Speaking to Oprah Winfrey in the couple's notorious 2021 interview, the prince told the media titan that the pair's multi-million-dollar signings were simply a means to "pay for security."
For some analysts, this was the Duke essentially casting off the generous partnerships as quick dealings not meant to stand for anything other than an obscenely lucrative cash grab. He said that the negotiations with the companies were "never part of the plan" and "was suggested by somebody else by the point of where my family literally cut me off financially and I had to afford security for us."
Non-working members of the monarchy do not receive taxpayer-funded security, let alone those who move to another continent.
The duo was recently dumped by Spotify after only producing 13 costly episodes of content over 2.5 years. The Sussex royals originally signed a $25 million deal with the audio megacompany and are expected to receive only a fraction of this payout.
Royal expert Richard Eden told an outlet that suspicions were raised by both tech conglomerates in the interview, but ultimately, the royal rebels' inability to produce programming was the final straw. He stated, "It takes an awful lot of work [to produce a podcast]. It's serious work; it's planning. You can't just turn up and [say], 'Oh, what shall we do today'?"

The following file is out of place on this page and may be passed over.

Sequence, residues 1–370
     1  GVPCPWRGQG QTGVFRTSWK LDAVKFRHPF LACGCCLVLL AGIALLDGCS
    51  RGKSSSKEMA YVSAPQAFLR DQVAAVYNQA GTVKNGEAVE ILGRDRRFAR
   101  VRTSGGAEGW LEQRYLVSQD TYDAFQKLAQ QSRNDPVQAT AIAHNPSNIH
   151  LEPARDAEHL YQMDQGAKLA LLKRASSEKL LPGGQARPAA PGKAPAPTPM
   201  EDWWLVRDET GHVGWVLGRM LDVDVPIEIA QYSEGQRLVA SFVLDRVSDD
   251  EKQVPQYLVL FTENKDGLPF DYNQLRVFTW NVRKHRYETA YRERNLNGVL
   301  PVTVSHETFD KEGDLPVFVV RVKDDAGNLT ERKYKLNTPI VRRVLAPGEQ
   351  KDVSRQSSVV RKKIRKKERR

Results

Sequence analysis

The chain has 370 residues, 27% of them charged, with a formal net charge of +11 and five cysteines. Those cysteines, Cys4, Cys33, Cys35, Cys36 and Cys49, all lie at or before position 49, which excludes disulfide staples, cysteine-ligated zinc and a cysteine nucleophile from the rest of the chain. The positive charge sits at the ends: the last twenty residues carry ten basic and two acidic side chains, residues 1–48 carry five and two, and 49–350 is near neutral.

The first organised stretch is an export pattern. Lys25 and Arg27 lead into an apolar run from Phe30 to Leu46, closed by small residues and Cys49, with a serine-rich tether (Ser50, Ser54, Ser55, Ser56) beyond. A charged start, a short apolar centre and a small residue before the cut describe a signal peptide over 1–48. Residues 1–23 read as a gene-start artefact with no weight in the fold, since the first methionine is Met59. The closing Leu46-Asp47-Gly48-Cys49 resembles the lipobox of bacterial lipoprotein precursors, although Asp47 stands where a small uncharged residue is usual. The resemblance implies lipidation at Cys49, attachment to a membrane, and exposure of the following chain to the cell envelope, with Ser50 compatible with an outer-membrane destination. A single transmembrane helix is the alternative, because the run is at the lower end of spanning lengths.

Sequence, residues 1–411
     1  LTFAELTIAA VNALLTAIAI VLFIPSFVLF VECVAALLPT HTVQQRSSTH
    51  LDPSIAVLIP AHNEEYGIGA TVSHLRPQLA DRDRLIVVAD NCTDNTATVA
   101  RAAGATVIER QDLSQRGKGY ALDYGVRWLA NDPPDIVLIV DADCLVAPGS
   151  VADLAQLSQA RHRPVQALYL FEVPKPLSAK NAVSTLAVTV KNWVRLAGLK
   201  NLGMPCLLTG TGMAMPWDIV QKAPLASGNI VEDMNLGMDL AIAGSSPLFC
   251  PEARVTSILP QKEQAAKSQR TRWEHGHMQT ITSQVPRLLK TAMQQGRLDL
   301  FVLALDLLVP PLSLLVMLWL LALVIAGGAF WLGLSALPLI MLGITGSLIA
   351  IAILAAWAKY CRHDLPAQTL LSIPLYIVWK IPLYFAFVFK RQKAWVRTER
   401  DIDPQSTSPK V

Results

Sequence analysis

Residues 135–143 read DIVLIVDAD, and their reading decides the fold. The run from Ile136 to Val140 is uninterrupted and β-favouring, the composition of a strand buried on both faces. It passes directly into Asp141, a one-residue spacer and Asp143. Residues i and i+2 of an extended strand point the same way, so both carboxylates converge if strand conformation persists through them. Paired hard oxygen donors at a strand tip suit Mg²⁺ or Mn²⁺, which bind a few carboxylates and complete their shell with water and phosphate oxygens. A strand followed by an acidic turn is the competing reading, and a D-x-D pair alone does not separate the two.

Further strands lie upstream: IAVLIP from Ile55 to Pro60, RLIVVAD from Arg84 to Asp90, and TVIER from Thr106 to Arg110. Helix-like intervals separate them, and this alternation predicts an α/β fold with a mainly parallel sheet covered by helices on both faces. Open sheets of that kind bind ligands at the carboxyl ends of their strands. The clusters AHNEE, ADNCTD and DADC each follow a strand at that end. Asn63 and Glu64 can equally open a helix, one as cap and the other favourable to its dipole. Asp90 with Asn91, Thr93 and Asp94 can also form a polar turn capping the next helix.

If reports are to be believed, Netflix may also be getting ready to sever ties with the Sussex brand. That agreement was far grander, at roughly $100 million. But by year three of a five-year commitment, the royals had only created the docuseries Harry & Meghan and had one program, Pearl, scrapped. Unlike Spotify's "Archetypes," the Netflix doc did receive stellar ratings consistently.
Royal commentator Rebecca English believes that the influential platforms are only seeking a certain brand of content from the renegade royals. She pointed out to a publication, "I think anybody, even their biggest supporters, will admit people are not given multi-million-pound deals with no track record in the industry on the basis they're going to produce some incredibly worthy programs over a number of years."
The insights come during a disastrous news cycle for the Montecito royals. Whereas salacious monarchy tidbits may sell with one style of media, others find it to be far too incendiary and controversial for their liking. The "Duchess of Dior" hype circulating in the press was quickly shot down by the iconic fashion house, leaving Meghan scrambling to "relaunch" once again.
Daily Mail interviewed Eden and English.